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CERN Openlab Siddha Ganju.pdf


##Problem Statement

A classification problem which aims at finding if a dataset will become popular or not and when it will become popular. It includes time series analysis of the data, to calculate the approximate time period when the dataset will be popular, as well as classification, for calculating binary values of popular (1 / TRUE) or unpopular (0 / FALSE) of the 2013, 2014 and the currently producing 2015 data.

This data is produced by the LHC weekly. Analysing this data leads to useful information about the physical processes. Reproducibility is necessary so that any process can be simulated just like the original in a software at different times. Besides this, some process may be researched more by users and hence it needs to be made easily accessible to all the users. Accessibility is possible using replicas of data at some specified places. The user can then obtain the data from the nearest replica. Creating numerous replicas of every dataset is not feasible because the all datasets are vast. Maintaining and mirroring such vast datasets is an expensive job hence, the need of predicting which dataset might become popular is necessary.

The process of predicting popularity of datasets, hence which datasets replicas should be created, is a machine learning problem. Hence, the aim of the problem is to use machine learning to predict which dataset will become popular and when.


  1. Define the popularity index. a. The target goal is to find the popular datasets, but what is a popular dataset? b. Which parameters define popularity of the dataset?

  2. Apply machine learning algorithms and analytics for prediction.

  3. Find the hardware configuration that gives the relatively best run of a machine learning algorithm.

  4. Time Series analysis of the existing processes to see if any process might become popular in any given week of any year.

  5. Generalize machine learning algorithms so that they can streamline CMS data without much data formatting. May lead to creation of an API.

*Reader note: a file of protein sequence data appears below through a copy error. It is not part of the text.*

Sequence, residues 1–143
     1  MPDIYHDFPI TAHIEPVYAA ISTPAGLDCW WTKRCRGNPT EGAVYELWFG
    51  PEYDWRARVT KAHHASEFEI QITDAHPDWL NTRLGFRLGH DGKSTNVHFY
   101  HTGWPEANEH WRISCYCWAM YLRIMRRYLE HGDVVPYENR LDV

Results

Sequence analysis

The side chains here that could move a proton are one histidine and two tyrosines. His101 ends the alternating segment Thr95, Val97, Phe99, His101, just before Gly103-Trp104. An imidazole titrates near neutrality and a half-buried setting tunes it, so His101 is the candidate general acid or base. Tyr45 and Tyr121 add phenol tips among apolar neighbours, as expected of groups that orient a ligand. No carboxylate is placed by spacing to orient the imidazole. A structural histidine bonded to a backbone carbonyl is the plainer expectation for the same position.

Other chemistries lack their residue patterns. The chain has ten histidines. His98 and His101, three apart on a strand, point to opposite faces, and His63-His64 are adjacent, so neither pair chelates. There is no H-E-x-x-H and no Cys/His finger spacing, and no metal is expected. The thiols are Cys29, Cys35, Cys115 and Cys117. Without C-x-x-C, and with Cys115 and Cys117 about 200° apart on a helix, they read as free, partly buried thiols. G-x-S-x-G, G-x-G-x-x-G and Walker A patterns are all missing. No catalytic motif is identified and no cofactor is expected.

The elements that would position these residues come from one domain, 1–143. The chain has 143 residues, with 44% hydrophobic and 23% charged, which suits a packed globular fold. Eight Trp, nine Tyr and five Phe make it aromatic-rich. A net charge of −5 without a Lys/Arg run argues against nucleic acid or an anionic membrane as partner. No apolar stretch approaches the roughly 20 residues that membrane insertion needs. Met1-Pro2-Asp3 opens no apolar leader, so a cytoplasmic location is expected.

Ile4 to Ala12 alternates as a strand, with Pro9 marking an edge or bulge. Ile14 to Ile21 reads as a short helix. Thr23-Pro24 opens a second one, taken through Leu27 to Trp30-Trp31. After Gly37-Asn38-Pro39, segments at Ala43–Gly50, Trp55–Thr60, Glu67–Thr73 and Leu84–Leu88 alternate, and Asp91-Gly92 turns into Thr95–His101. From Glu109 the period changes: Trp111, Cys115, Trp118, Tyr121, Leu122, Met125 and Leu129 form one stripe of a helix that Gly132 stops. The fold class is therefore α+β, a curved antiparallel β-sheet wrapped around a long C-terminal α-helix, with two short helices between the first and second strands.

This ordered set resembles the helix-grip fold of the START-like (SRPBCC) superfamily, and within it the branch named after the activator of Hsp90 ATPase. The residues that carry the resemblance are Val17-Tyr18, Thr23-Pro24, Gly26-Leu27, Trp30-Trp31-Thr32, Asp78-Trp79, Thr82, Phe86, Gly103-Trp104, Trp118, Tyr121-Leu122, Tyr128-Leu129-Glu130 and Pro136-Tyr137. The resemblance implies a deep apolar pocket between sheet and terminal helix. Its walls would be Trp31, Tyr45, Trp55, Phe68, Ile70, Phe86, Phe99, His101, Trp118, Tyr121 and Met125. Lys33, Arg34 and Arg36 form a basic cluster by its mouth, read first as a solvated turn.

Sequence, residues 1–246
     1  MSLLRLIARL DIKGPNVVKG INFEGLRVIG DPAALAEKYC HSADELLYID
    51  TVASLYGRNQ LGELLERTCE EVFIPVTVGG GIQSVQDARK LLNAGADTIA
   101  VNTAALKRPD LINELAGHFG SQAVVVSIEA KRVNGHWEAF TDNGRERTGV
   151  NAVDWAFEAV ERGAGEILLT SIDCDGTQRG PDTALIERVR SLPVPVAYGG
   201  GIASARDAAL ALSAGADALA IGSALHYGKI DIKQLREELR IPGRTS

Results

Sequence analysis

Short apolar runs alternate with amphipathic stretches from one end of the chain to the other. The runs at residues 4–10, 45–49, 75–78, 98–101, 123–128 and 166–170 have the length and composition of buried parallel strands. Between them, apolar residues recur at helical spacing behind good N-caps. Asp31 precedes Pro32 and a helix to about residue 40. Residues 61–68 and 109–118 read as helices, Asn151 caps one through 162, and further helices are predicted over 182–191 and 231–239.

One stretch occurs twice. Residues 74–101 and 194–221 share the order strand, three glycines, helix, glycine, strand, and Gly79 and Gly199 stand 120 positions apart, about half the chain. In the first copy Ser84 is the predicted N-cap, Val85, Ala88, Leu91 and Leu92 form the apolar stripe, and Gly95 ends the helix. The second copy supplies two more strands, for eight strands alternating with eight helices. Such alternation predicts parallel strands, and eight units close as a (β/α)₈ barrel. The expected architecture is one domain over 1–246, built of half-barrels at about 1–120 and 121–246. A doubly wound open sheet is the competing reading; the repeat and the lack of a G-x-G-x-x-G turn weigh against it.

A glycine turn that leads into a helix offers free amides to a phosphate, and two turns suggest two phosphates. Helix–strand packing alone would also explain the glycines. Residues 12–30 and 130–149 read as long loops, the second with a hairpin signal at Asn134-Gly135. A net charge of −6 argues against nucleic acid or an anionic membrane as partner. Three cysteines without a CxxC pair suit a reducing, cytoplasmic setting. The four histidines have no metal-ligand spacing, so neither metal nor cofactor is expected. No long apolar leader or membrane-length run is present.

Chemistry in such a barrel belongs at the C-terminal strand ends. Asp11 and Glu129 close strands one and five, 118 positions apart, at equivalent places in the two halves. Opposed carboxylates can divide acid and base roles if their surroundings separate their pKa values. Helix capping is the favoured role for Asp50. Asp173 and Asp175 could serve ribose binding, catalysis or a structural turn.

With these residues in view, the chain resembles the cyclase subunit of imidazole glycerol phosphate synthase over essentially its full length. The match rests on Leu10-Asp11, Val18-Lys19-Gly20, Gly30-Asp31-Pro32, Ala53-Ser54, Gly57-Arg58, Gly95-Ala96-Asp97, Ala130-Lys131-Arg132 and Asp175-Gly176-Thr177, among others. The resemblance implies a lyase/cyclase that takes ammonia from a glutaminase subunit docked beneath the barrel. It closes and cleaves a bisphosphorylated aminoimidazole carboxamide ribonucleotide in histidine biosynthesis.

6. Evaluate Apache Spark as an alternate framework for the complete analysis procedure.


A dataset describes a process completely. A process is any interaction taking place in the LHC. An example would be proton-proton collision in the LHC, taking place at a single vertex. A single process may be composed of many collisions taking place at the same vertex. The weekly collection of data is uniquely represented by the name of the dataset. It describes which weeks data it contains, 20140101 - 20140107 will describe the first week of year 2014.

A datasets format is defined by three distinct parts:

  1. a
  2. b
  3. c


  1. a is a process type, examples include Higgs Process, TopQuark, ttbq.
  2. b is the software used and its version/release number. This variable is important for reproducing identical results in the future.
  3. c defines the tier {RAW, RECO, AOP, DIGI, DIGI-RECO, SIM}

These are combined as /a/b/c.

Dataframe is the input file in comma separated values format. This is the file on which the machine learning algorithms are run upon. It contains many datasets, and each dataset is uniquely represented by one row in the dataframe.

Currently used popularity metrics:

  1. naccess - number of accesses to a dataset
  2. totcpu - number of CPU hours utilized to access a dataset
  3. nusers - number of users times days when the dataset was accessed

These are reported by the PopularityDB